B&W, 1943, 69 mins. 16 secs.
Directed by Lew Landers
Starring Bela Lugosi, Frieda Inescourt, Nina Foch, Miles Mander, Roland Varno, Gilbert Emery
Scream Factory (Blu-ray) (US RA HD), Sony (DVD) (US R1 NTSC)

A The Return of the Vampire truly unique The Return of the Vampireclassic monster movie made during World War II that directly addresses current events, The Return of the Vampire superficially seems (on the basis of its title) to be an attempt to lure in viewers with the promise of Bela Lugosi reprising his most famous role, Dracula. The film was made by Columbia instead of Universal with Lugosi instead playing Armand Tesla, a bloodsucker first seen preying on young women in London during World War I.

One of the vampire's exsanguinated victims turns up at a clinic and draws the attention of Lady Jane Ainsley (Inescourt) and Professor Saunders (Emery), with the latter realizing that "a fantastic something that draws blood from the human body through the jugular veins of its victim" is at work and is also going after his young granddaughter. The pair soon track down the culprit to a graveyard where his familiar, a werewolf named Andréas (Emery), stands guard and tries to stop them. They manage to succeed in driving a stake into Tesla's heart, but twenty-four years later, a bombing blasts open the vampire's coffin and leads to the removal of the stake. Free again, Tesla poses as a dead scientist and plots revenge against Lady Jane by going after her son, John (Varno), and Saunders' now-grown granddaughter, The Return of the VampireNikki (Foch), while Scotland Yard inspector Sir Frederick Fleet (Mander) refuses to believe The Return of the Vampiresomething supernatural is afoot.

As compact, atmospheric, and entertaining as any of the era's other monster movies, The Return of the Vampire takes its time getting Lugosi to center stage (almost a third of the way in); fortunately you'll barely notice with some much else going including a great deal of time spent with Andréas, one of the screen's most loquacious werewolves and a fascinating antihero of sorts who plays a major role in the finale. The original intention to make this a Dracula film would have resulted in an interesting attempt to bring the famous monster into the turbulent present day, but studio politics forbade it with Universal offering its own variation, the noir-inspired Son of Dracula, at the same time.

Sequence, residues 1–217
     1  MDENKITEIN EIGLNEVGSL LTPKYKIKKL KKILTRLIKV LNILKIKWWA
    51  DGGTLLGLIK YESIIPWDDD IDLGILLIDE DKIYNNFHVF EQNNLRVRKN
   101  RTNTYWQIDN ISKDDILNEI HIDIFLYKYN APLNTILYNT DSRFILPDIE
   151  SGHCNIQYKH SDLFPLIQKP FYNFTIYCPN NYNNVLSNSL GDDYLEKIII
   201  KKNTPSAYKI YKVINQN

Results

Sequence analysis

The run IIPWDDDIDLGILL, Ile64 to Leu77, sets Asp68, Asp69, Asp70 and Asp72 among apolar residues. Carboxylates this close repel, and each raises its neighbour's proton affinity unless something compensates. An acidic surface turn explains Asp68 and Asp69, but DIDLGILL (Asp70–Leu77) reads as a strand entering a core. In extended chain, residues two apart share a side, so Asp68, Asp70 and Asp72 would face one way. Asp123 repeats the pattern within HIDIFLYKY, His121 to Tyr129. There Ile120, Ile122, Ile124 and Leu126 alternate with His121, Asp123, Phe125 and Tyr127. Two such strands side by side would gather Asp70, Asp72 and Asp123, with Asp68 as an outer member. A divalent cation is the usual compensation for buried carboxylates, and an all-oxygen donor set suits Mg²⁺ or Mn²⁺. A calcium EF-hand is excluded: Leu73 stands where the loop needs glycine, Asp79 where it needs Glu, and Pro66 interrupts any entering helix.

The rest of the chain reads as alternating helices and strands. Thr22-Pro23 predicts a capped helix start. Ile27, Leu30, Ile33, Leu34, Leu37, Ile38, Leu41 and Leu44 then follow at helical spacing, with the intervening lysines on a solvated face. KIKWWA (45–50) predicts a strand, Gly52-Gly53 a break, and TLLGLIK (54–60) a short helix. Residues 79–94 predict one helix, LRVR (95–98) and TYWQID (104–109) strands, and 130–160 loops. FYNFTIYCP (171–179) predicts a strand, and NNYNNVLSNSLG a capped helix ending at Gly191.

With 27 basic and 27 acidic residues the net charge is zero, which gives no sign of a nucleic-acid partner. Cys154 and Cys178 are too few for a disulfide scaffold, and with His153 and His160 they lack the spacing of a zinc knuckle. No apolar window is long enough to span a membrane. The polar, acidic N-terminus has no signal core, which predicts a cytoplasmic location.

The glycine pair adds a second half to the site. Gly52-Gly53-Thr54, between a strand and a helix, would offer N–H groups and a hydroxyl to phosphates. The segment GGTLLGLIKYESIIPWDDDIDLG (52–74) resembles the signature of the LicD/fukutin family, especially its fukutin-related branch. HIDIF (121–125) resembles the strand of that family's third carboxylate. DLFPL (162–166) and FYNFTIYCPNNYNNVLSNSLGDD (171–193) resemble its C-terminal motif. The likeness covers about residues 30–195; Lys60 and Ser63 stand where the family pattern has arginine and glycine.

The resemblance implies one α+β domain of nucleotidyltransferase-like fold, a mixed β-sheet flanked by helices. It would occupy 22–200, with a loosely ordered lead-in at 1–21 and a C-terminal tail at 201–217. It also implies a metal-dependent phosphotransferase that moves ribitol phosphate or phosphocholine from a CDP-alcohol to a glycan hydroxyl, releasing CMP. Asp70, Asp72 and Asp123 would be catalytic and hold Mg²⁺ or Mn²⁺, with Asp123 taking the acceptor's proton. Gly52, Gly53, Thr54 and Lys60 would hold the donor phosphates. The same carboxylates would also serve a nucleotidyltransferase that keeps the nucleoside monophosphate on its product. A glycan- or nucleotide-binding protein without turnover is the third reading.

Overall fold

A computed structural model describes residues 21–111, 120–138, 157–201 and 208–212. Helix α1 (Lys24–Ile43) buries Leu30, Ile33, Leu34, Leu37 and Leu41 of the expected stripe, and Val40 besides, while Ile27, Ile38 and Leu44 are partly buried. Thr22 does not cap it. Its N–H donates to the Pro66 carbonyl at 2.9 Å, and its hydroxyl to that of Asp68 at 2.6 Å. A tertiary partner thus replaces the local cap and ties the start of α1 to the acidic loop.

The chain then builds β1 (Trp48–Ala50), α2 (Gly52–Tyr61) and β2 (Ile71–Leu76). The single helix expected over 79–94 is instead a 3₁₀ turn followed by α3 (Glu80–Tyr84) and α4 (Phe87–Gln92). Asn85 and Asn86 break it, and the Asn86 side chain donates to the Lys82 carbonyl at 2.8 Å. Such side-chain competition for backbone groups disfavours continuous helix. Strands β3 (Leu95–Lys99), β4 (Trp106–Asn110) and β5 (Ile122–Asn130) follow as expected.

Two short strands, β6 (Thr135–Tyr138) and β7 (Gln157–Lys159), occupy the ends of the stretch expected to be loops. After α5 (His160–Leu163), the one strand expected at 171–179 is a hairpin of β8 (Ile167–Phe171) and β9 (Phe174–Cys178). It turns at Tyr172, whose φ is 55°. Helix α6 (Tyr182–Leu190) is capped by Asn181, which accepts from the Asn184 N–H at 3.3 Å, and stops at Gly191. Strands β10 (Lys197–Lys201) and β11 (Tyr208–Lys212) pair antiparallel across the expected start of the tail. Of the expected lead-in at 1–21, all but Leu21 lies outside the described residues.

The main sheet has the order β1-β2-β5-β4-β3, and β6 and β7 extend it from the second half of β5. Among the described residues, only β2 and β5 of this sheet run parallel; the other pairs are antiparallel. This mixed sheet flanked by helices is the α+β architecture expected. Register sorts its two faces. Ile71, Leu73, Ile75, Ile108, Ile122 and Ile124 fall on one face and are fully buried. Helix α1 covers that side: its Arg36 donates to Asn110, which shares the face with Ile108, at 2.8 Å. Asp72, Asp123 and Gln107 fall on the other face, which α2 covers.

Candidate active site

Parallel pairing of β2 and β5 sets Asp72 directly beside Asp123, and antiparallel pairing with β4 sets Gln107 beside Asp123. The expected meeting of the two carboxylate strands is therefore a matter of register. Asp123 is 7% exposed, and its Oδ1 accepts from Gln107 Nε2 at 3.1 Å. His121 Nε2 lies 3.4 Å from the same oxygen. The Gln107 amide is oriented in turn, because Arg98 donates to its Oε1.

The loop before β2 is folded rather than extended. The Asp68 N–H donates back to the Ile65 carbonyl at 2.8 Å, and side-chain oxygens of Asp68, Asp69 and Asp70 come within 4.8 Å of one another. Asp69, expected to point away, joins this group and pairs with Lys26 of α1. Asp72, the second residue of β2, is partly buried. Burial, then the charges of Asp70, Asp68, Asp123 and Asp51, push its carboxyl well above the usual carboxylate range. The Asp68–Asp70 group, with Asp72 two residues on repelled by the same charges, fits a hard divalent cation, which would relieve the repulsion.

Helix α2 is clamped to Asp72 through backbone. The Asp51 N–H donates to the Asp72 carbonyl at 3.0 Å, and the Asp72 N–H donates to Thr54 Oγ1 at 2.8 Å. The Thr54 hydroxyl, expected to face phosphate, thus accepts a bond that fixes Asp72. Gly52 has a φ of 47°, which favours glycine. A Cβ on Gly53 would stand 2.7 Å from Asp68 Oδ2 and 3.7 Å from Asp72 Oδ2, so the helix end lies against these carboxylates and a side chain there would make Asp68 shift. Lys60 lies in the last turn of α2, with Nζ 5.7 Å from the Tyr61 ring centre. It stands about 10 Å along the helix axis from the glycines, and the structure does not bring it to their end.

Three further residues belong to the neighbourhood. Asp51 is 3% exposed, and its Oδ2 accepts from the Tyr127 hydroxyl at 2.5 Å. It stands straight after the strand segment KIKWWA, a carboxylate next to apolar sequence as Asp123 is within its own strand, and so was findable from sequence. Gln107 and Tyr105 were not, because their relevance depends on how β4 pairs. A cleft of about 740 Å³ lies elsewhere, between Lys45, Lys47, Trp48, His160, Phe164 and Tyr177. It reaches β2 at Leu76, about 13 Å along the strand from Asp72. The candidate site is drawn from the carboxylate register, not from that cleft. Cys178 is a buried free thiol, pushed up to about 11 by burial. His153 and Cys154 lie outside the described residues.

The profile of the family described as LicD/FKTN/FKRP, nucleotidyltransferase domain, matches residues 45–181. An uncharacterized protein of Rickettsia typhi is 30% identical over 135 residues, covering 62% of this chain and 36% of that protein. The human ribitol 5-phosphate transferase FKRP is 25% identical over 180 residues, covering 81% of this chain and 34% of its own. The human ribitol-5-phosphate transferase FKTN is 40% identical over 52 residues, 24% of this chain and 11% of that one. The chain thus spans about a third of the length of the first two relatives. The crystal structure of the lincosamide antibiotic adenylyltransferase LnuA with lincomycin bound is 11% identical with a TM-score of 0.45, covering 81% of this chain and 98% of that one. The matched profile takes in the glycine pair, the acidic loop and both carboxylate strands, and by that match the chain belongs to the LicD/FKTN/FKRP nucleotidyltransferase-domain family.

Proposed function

Not surprisingly, Columbia (and then Sony) kept this one in wide circulation since its early VHS release, which seemed to appear in every single video store on the planet for years. It was also one of the studio's earlier upgrades to DVD, and since the elements have never been in bad shape, it's always been fairly easy to appreciate regardless of the format. That said, the 2019 Blu-ray release from Scream Factory still feels like a big step up with a very impressive level of detail on The Return of the Vampiredisplay along with fine, very natural film grain throughout. The Return of the VampireSome minor damage apparently baked into a few shots is still there, but it's easy to overlook given the sumptuous look we have here. The DTS-HD MA English mono audio (with optional English SDH subtitles) is also in prime condition. Incredibly, the film comes with three new audio commentaries, all of which take different and sometimes surprising angles on the film. Author and film historian Gary Don Rhodes takes the historical route with a wealth of studio info about how the project came about, with details about everything from the screenplay process through the comparatively smooth process with the Production Code and the casting and production under prolific director Lew Landers. Then Troy Howarth takes a jovial look at the film in the wider context of classic horror cinema and Lugosi's output, also studding in trivia about the production while contextualizing what was happening at Universal around the same time. Finally, author Lee Gambin focuses on werewolves of the 1940s, adapting an unused essay for his book on The Howling to spoken form and exploring how this film and some of its peers of the era fit in with the larger cycle of lycanthrope cinema from The Wolf Man onward. An image gallery (5m16s) of posters and stills is included along with a very dupey trailer; though not advertised, you also get the really fun Super 8 version of the film (8m20s), which is silent (with some pertinent subtitles) and crams a lot of action into a short amount of time.

Reviewed on February 14, 2019.